In February 2020 in the case of Love and Thoms, the High Court of Australia (HCA) ruled by a majority of four judges to three, that persons deemed to be Aboriginal Australians cannot be ‘aliens’ and therefore cannot be deported. This was an important decision in relation to interpretation of our Constitution.
Daniel Love and Brendan Thoms who identified as Aboriginal Australians, had failed the migration character test as a result of having served time in jail and therefore the government had tried to deport them in reliance upon the character provisions of the Migration Act.
Love was born in New Guinea and a recognised member of the Kamilaroi people while Thoms was born in New Zealand and a member of the Gunggari people and was recognised as a native title holder.
A majority of the HCA decided that Aboriginal Australians were not ‘aliens’ as defined by the Constitution, and could not therefore be deported. However, based on the evidence the court could not decide whether Love was an Aboriginal Australian and so remitted that question back to the Federal Court for a determination.
Because Thoms was recognised as an Aboriginal Australian by virtue of his native title claim, the court was able to determine that he was not an alien
After a New Zealand man by the name of Shane Paul Montgomery attempted to avoid deportation by relying on the Love and Thoms decision, the federal government has made it clear that it is not happy with that decision and is taking action to try and have it overturned.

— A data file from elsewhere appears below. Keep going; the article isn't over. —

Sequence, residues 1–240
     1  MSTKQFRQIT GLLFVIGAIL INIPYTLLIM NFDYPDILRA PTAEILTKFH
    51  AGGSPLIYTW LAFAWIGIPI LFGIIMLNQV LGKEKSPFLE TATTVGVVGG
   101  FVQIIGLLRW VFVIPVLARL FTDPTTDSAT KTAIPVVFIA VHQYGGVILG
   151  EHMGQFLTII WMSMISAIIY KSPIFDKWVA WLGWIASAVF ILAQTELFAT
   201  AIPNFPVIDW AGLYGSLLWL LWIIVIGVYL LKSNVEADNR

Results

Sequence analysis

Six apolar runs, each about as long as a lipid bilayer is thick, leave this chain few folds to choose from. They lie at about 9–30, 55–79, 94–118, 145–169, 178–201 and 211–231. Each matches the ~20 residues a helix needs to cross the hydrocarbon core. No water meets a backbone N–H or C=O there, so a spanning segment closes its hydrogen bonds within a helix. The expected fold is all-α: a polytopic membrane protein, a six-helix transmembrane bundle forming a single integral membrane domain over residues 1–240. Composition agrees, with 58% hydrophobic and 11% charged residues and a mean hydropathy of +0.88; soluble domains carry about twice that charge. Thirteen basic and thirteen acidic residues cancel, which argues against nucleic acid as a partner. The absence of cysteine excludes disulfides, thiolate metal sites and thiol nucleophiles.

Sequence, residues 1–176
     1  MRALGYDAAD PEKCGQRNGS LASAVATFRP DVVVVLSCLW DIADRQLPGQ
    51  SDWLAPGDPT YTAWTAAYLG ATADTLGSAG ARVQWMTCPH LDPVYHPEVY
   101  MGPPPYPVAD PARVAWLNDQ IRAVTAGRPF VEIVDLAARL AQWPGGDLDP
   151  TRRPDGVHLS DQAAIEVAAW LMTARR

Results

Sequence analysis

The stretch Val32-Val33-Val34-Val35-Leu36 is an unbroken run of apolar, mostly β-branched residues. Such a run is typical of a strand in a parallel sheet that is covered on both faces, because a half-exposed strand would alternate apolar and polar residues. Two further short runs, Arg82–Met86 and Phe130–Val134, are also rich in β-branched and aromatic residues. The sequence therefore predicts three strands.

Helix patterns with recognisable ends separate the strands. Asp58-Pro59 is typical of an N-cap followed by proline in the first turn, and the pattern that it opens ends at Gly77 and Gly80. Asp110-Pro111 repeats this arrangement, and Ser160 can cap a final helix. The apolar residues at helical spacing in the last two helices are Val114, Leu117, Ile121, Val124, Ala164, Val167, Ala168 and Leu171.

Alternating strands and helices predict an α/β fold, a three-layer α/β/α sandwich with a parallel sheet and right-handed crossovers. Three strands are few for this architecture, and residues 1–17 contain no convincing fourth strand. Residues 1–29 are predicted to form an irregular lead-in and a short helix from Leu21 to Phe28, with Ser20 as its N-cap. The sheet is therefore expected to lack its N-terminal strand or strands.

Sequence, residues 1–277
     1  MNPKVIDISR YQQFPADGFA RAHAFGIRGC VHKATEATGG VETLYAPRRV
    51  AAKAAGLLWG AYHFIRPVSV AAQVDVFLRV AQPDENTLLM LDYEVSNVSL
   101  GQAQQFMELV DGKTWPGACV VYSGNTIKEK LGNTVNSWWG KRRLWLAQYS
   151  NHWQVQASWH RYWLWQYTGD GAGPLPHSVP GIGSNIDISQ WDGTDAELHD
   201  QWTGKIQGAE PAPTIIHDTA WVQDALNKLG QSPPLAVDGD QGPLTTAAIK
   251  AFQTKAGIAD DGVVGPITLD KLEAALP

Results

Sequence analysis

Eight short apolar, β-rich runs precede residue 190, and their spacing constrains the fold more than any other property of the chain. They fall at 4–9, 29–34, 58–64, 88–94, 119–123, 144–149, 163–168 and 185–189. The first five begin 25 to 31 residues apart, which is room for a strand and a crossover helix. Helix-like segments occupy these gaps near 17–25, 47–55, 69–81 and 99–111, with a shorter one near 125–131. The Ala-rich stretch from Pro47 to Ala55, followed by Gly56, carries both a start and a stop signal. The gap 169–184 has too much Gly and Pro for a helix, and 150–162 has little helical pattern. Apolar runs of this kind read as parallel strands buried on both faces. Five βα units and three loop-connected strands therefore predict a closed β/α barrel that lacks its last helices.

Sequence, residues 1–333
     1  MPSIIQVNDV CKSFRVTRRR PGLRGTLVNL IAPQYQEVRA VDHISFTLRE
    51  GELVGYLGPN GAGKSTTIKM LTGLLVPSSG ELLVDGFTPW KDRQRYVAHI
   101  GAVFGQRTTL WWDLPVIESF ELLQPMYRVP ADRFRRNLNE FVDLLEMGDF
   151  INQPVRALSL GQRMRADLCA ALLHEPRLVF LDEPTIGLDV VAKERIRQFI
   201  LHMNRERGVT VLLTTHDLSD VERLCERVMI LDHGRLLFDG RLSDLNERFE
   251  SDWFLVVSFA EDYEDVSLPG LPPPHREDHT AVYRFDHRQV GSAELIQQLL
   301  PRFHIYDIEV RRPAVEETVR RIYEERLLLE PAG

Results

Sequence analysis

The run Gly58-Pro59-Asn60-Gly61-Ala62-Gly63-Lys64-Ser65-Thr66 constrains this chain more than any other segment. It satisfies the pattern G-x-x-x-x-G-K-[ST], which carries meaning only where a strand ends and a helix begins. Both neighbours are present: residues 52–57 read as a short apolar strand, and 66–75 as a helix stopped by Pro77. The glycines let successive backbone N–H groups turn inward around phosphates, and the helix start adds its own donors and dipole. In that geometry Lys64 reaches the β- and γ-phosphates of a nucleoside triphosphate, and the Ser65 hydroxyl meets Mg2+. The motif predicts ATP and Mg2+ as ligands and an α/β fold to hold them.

Montgomery was born in New Zealand in 1981. He came to Australia in 1997 to live with his mother and stepfather. Although not of aboriginal descent, the Commonwealth acknowledges that he lived with an aboriginal family in Brisbane from 1998 to 2006. Montgomery claims that he is ‘part’ of that family and should be regarded as an Aboriginal Australian because of this.
The Commonwealth is claiming that the decision in Love was wrongly decided and wants it overturned on that basis. In the alternative, it is claimed that the decision does not apply to Montgomery because he is not a descendant of indigenous people.
Even though the decision of Love is not yet two years old, two of the judges who were on the High Court at the time have now retired, and in the event that the court agrees to hear the Commonwealth’s arguments it will be interesting to see whether a newly constituted High Court will say that the original decision is sound or decides to head in a different direction.